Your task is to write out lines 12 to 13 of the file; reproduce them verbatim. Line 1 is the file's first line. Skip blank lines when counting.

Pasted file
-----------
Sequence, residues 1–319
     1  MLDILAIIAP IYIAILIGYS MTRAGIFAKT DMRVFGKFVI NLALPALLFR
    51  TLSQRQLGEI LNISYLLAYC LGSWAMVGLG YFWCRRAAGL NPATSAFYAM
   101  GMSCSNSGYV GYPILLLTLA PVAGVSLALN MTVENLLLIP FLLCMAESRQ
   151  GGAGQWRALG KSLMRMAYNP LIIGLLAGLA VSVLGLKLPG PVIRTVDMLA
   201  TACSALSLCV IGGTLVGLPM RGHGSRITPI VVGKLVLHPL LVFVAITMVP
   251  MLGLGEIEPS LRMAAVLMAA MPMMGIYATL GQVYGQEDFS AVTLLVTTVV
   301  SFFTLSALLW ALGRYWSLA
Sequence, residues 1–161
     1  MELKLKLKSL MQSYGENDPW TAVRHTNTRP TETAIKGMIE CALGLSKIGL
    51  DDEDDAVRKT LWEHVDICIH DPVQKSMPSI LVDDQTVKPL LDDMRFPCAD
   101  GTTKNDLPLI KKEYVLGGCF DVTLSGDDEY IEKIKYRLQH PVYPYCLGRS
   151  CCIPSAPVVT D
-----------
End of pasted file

   101  GTTKNDLPLI KKEYVLGGCF DVTLSGDDEY IEKIKYRLQH PVYPYCLGRS
   151  CCIPSAPVVT D